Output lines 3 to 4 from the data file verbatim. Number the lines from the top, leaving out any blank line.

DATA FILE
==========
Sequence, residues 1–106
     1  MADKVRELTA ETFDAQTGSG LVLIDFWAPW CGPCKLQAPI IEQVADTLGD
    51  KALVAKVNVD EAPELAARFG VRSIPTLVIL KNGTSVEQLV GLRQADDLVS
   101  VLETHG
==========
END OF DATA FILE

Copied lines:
    51  KALVAKVNVD EAPELAARFG VRSIPTLVIL KNGTSVEQLV GLRQADDLVS
   101  VLETHG